NSW Heritage Minister Robyn Parker has announced that Bass Point Reserve has been added to the State Heritage Register.
The popular tourist spot was added to the register for a number of reasons, including its importance to the local Aboriginal community and its natural heritage.
"A place of established occupation for the Aboriginal people for some 20,000 years prior to the arrival of European settlers, Bass Point Reserve is regarded as a traditionally important camping and meeting place and continues to be of exceptionally high significance to the Aboriginal people of NSW," Ms Parker said
"The biodiversity and pristine condition of the environment at Bass Point also contributes to its significance. Declared a natural reserve in the 1960s, the relatively undisturbed environment at Bass Point now supports the natural habitats of a wide variety of common, rare and critically endangered flora and fauna species."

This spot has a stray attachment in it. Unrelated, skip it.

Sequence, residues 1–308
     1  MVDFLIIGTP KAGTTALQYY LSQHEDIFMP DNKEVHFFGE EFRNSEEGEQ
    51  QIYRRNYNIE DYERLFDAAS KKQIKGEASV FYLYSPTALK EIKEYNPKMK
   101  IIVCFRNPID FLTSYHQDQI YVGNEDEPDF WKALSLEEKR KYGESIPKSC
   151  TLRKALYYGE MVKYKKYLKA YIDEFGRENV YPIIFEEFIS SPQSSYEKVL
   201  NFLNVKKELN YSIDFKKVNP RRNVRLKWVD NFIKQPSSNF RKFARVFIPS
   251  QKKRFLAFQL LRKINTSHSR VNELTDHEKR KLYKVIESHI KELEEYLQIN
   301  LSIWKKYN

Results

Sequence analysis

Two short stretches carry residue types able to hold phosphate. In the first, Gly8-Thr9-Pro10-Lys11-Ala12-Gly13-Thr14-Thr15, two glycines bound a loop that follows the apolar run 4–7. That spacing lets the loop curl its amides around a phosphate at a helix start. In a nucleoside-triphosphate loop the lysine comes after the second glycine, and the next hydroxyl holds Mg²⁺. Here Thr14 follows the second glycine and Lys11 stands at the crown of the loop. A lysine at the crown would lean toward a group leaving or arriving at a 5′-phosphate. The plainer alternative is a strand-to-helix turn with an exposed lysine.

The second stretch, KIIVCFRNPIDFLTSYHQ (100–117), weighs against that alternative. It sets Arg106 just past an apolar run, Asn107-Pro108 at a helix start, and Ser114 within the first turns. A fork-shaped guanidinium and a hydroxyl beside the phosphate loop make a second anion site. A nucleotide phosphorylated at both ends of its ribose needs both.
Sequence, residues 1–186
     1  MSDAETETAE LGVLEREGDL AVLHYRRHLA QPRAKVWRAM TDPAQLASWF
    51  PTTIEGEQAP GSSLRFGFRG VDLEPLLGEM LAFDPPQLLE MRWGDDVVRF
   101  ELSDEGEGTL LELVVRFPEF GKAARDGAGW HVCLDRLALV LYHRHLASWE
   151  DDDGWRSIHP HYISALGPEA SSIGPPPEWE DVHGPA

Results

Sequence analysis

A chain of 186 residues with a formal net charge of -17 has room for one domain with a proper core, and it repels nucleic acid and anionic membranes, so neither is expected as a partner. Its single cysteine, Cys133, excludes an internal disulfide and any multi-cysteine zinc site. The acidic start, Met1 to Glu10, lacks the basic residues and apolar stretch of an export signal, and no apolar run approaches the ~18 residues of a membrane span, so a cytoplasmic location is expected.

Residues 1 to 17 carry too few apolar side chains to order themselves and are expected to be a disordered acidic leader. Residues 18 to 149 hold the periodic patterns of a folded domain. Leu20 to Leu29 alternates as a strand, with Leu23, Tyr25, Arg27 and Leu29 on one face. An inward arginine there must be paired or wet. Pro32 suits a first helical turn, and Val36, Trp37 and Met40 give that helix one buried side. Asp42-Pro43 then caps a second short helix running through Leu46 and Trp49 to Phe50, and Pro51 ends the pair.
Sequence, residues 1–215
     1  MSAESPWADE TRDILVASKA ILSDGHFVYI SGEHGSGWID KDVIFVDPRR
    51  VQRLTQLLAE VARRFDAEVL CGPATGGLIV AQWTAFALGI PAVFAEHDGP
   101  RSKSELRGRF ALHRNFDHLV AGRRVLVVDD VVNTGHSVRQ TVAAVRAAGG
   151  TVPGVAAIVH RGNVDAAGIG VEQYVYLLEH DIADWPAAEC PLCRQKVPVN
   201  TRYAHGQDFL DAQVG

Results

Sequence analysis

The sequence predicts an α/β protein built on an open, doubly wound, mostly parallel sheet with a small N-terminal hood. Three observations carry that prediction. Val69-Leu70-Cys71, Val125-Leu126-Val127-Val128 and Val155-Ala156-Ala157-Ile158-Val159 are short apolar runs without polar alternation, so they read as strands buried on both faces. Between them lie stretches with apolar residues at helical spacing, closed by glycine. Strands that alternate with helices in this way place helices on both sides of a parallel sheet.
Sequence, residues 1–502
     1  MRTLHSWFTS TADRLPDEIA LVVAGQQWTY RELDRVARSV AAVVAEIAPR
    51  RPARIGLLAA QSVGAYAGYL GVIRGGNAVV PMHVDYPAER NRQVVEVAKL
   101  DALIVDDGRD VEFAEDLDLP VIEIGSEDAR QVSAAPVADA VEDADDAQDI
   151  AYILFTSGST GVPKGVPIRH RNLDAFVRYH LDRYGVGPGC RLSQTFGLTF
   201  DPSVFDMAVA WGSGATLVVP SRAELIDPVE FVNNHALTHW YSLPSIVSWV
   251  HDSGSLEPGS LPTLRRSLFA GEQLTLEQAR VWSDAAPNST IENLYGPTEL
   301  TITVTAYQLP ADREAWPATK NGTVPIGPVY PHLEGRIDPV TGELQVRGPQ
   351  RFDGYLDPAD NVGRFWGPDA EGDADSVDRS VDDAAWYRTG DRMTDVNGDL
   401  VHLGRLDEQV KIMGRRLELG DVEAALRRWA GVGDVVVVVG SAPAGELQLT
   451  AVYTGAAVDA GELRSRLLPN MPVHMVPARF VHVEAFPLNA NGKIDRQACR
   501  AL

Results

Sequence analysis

The reserve has a strong maritime history, with a number of shipwrecks in the surrounding waters.
"The cultural significance of Bass Point Reserve extends into the maritime landscape which contains a number of shipwrecks and archaeological evidence, dating from as early as 1879. One of the latest but more well-known shipwrecks at Bass Point is that of the US oil tanker Cities Services Boston which ran aground during a storm on 16 May 1943," Ms Parker said
"Australian soldiers from the 6th Australian Machine Gun Battalion were camped nearby at the time and assisted in the rescue of the 62 crew on board. All lives on the vessel were saved but four Australian soldiers perished in the rescue. To commemorate the loss, plaques were unveiled at Bass Point in 1968 and a remembrance service is held each year."
The reserve was nominated for inclusion on the register by Shellharbour City Council, which has managed the site since it was declared a nature reserve in the 1960s.
Being on the register ensures the future management or development of listed sites is supported.